Friday, June 20, 2008

Thoughts on Buying a Triathlon Wetsuit

I recently went through the somewhat painful task of finding a triathlon wetsuit. After doing a fair amount of research online, getting opinions from more experienced friends, and trying on a few suits, here's what I've determined:

1.) Do I need a wetsuit?
For the typical age-group triathlete the two biggest benefits of a wetsuit are insulation and buoyancy.


USAT rules allow the use of a wetsuit for water temperatures at or below 78 degrees. You can still race in a suit at temps between 78.1 and 83.9, but you will be ineligible for any awards. For temps 84 degrees and above suits are prohibited.

When purchasing a wetsuit consider the temperature of the water in your intended races. Ironman series and other well-organized races will post the expected race day temperature on their websites.

If you're racing in cold water, then the additional insulation can be a blessing. However, a full suit on a warmer swim can be a miserable experience. You can always pop the neck open to let in some water to help cool down, but I suspect that you could forget to do this on race day. So you need to consider where the majority of your races are going to take place. For races under 70 degrees a suit is highly recommended.

The concept of insulation doesn't just apply to water temperature. There's a lot of contact in a mass start swim. Chances are you be crawling over someone or being crawled over. Your wetsuit will protect your skin from all that incidental bumping and clawing. It's also nice to have a little shielding from the not-so-pristine waterways you might find yourself swimming in. I hear that for races like Louisville you'll be splashing through boat fuel and other funky pollutants. A wetsuit provides a nice barrier - at least psychologically.


I think one of the biggest benefits of a suit is buoyancy. I attended a swim clinic where they filmed us swimming. The underwater shots were quite telling. Nearly everyone's legs sunk deeper into the water than their upper body. Ideally your body should be parallel with the surface of the water. This would provide for the least drag. However, keeping your butt and legs at or near the surface can cost you a lot of energy. The wetsuit helps lift you into that correct position - the biggest boon to your swim.

Additionally, most triathletes I know consider the swim to be the most difficult and intimidating part of the race. If you get tired during the run or the bike you can always just stop. During the swim however, you don't have the same option. The wetsuit helps keep you afloat.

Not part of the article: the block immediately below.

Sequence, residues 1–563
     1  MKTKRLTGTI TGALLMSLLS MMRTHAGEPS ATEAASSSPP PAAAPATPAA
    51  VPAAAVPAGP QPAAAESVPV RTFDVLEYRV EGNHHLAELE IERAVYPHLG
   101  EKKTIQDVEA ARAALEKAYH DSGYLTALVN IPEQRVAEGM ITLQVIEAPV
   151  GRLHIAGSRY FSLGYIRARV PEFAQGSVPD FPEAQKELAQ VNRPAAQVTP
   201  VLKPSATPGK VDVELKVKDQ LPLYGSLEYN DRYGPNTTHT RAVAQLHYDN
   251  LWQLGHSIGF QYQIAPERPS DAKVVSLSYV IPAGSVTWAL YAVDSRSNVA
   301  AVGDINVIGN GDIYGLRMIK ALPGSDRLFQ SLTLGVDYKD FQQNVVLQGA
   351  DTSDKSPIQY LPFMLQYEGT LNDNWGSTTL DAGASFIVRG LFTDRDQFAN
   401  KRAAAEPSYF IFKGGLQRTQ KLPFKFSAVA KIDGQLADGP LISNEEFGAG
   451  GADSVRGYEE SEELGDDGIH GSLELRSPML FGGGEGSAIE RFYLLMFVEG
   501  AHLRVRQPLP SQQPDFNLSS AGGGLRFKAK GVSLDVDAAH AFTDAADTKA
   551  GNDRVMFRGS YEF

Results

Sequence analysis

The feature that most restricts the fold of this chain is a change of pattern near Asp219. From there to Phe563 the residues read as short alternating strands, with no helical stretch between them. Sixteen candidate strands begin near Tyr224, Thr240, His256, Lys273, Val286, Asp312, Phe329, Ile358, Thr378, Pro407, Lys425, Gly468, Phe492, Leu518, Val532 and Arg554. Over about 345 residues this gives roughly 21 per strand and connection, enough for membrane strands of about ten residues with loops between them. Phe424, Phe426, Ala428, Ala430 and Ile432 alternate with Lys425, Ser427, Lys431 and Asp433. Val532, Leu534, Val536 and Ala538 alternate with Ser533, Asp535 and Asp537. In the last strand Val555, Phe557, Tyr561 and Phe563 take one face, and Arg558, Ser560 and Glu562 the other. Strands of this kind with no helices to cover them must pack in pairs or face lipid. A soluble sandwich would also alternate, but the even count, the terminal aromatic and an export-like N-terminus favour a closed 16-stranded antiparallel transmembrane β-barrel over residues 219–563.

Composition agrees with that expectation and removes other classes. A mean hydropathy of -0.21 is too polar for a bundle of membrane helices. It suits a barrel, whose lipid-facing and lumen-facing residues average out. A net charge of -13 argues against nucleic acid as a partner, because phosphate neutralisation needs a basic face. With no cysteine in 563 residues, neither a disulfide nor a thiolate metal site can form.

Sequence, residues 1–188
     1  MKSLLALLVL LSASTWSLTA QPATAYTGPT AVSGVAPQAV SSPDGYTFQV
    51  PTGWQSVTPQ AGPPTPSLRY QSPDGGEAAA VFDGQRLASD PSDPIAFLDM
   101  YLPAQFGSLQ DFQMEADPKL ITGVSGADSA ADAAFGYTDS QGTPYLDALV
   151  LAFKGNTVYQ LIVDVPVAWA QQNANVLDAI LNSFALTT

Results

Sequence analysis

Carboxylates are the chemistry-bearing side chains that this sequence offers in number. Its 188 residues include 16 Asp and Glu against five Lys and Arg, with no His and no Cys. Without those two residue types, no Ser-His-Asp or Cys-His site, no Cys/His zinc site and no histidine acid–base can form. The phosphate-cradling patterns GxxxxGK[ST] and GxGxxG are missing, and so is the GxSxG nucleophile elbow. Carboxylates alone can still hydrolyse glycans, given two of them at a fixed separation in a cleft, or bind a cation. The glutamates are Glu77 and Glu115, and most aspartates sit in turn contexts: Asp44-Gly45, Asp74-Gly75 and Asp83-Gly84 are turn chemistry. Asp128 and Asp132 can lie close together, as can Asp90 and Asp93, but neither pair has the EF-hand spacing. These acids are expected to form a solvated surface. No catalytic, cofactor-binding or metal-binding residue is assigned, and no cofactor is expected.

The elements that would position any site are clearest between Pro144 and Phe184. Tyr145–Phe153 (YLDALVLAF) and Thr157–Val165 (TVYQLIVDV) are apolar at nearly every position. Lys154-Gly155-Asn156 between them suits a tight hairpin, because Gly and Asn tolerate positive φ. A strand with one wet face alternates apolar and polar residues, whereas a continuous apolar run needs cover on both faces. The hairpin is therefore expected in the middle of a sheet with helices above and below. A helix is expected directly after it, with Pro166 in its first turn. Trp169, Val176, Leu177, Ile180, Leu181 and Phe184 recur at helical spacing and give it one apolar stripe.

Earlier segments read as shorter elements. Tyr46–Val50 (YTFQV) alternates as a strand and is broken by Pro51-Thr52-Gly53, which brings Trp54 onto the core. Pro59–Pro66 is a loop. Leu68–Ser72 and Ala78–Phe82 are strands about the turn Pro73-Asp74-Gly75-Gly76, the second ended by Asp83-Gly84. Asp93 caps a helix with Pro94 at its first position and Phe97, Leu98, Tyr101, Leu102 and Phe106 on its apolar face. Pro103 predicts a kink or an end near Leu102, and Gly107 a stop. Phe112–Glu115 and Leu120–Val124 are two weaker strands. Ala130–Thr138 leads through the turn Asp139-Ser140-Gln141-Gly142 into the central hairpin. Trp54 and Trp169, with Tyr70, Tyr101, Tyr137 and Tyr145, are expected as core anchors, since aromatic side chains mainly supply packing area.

2.) Full vs Sleeveless
If you wear the suit correctly (high and tight) then a full suit will be faster. This is primarily because there is less drag across the shoulders and arms (the parts that are trying to break through the water). The problem is that shoulder fatigue can more easily set in because you're having to stretch the rubber surrounding your shoulder with each stroke.

If you trained in your suit everyday, then this probably wouldn't be an issue. But most amateurs I know train in a pool without a suit, so this extra shoulder effort on race day can take a toll. If you decide for a full suit it makes sense to get a really "stretchy" suit to minimize the impact. However, this more than anything else will drive up the price. The "stretch-factor" is the main difference between an entry-level suit and a high performance suit - at least as far as the typical age-group athlete is concerned.

Sleeveless suits don't impede your shoulder movement (as much). So the stretch factor is not as important. Eliminating this factor can be mean a big dollar savings. Not only are sleeveless suits less expensive because they require less material, but considering that stretch is less important you can also get by with an entry-level suit.

DeSoto has a line of full sleeve suits that come in two-pieces, supposedly to help reduce shoulder fatigue. I've seen a few good reviews about this line, but I don't know of any objective reports on the benefits.

Here's my theory: If you are going for a full suit seriously consider the higher-performance suits and be ready to fork over some cash ($500+). If you choose sleeveless then just go for an entry-level suit ($200-300) - you'll still get the major buoyancy benefits.

3.) Correct fit is critical.
No matter what level of suit you get, it should stick to your body like a second skin. There should be no pockets of air or loose spots. You must put the suit on high and tight.

What did I buy?
I scoured the Internet looking for a great deal, but didn't find anything but closeouts that wouldn't fit. Obviously spring is the wrong season to be looking for a deal on triathlon gear. I lucked out and found a closeout sleeveless Orca Predator 2 at Big Shark, a local athletic shop. It was a new suit that never made it out to the rack. Discount Price: $150. I'm still looking to get a full-sleeve suit, but this was a nice addition to my equipment arsenal at a good price.

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